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Roth Conversions at 15% or 25% Tax Bracket?
Old 12-07-2016, 05:03 PM   #1
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Roth Conversions at 15% or 25% Tax Bracket?

I just spent the last week coming up to speed on the Retiree Portfolio Model from BigFoot48 on Bogleheads. I think it's a great tool (but my head hurts!).

My original goal was to see if we should stay under the ACA Cliff for the next few years while we convert our tIRAs and 401K to Roth IRAs. The answer, for us, turns out to be "no" - it's better if we convert more sooner than later.

Given that, I ran 2 more scenarios; 1 maxing out (i.e. 95% of) the 15% tax bracket, the other at 25%. I know I have to look into AMT and Medicare Part B Premium increases for Option #2, but here are some Pros and Cons for the 2 scenarios.

I'd appreciate any questions and/or comments as to which option you'd choose if you were me, and also if there are other things than those I already mentioned that I should investigate further. Thanks in advance!

Option #1 - Max out 15% Tax bracket
Pros
  1. Total taxes will be 9% less than those we'd pay in Option #2 (and who wants to pay more taxes, right?)
  2. According to RPM, we would never have to "dip into" our Roth Conversion account. It would just continue to grow. (But we have no kids, so - hmmm!)
  3. Year-end Total Portfolio balances outpace Option #2's balances for the first 19 years (by as much as 8.5%)
  4. The final balance would be ever so slightly higher than Option #2 (<1%)
Cons
  1. We would pay income taxes for the next 16 years (Roth conversions would take that long), but then no taxes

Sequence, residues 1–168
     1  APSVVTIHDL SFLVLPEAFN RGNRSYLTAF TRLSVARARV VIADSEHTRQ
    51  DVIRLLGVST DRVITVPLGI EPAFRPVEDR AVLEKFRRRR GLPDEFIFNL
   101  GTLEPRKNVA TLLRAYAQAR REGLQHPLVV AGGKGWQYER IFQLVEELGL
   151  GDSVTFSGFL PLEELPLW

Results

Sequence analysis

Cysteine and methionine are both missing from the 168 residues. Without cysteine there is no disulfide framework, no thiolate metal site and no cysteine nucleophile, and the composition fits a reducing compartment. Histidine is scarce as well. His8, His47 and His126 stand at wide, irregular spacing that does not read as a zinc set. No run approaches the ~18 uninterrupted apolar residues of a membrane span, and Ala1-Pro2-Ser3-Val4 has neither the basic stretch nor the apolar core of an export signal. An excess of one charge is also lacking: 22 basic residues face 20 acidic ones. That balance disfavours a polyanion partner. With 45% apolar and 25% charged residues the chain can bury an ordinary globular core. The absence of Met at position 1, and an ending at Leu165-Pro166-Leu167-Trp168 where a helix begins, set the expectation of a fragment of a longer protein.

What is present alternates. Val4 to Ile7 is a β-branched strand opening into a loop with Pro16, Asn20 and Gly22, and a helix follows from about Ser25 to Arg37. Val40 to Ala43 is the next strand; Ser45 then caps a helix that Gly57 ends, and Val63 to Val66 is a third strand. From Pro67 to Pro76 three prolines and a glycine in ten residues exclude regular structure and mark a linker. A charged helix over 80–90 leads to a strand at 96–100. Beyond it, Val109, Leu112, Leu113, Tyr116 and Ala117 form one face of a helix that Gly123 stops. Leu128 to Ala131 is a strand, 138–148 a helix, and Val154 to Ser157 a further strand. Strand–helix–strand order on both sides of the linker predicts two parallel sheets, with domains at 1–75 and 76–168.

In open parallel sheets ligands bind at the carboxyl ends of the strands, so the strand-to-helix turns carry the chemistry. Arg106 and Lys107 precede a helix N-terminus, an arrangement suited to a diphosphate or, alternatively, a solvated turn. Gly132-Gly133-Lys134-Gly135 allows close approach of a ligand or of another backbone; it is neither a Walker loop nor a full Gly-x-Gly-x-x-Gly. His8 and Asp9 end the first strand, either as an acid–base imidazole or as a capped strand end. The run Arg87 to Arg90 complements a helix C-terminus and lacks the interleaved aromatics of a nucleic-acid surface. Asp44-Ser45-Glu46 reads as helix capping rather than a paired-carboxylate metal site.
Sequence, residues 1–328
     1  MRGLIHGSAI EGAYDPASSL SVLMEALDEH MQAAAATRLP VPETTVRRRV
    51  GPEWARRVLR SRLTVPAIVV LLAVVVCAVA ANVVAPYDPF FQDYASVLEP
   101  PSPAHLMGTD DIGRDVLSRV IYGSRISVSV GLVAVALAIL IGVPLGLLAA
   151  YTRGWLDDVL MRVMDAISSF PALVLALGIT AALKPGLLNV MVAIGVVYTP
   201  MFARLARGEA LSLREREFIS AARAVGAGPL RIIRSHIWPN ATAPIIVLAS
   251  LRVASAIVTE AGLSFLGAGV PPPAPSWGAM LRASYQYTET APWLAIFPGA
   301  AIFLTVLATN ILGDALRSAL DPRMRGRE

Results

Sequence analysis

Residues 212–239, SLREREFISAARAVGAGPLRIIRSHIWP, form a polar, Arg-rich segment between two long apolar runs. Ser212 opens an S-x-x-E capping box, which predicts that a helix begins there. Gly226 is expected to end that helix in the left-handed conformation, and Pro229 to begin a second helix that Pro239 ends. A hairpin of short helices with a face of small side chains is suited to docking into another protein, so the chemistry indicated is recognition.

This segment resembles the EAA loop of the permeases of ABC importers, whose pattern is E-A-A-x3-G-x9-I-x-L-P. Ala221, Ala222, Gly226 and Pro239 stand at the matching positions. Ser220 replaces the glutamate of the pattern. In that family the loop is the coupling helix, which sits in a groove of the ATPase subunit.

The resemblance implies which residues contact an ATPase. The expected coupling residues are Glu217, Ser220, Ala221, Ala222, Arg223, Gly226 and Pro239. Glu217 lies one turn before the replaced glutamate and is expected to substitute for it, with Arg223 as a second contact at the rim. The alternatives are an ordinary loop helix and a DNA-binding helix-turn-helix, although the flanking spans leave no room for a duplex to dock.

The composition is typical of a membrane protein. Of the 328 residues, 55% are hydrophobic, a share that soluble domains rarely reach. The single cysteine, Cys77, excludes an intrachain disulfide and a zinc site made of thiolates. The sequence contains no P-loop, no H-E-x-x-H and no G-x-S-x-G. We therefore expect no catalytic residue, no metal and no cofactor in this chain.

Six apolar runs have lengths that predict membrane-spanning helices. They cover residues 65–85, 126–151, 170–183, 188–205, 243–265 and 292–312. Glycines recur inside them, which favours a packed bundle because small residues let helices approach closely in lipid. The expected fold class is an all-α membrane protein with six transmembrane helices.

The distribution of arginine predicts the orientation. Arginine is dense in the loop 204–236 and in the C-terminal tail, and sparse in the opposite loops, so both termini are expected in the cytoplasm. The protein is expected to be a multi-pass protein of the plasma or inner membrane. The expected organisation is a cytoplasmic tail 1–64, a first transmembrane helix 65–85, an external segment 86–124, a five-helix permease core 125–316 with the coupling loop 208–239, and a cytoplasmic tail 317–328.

2. Our Social Security (at age 70) would be taxable for the first 7 years
Option #2 - Max out 25% Tax bracket

Pros
  1. We would pay (BIG) income taxes for the next 8 years (half as long as option #1), but then no taxes
  2. Our Social Security would never get taxed
Cons
  1. While we'd only pay taxes for the next 8 years, we'd pay 9% more in Total Taxes than we would pay in Option #1
  2. The Total Portfolio takes a BIG hit in the first 8 years and doesn't catch up to Option #1's portfolio for 19 years
  3. The final balance would be ever so slightly lower than Option #1 (<1% if we live long enough!)
  4. We'd start using up Roth $'s 8 years sooner than Option #1
All things being equal, it may come down to how well we can sleep at night with Option #2's whopping tax bills!
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Old 12-07-2016, 05:07 PM   #2
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With Option 2 you say your Social Security would never get taxed. I assume that means your bracket then would be lower than 25%. The general rule is don't Roth convert to max out the 25% bracket now if you expect your bracket later to be lower than 25%.
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Old 12-07-2016, 05:15 PM   #3
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You are making my head hurt thinking about this!!

Obviously a first world problem.

In our case, we cannot lower the RMD enough to make a real difference, so we are going for simplicity. DW will use the 15% bracket to move her lower IRA to Roth, We will then draw off of mine, and when the time comes we will probably be in the 25% bracket, with RMD's (or what ever there is at that time).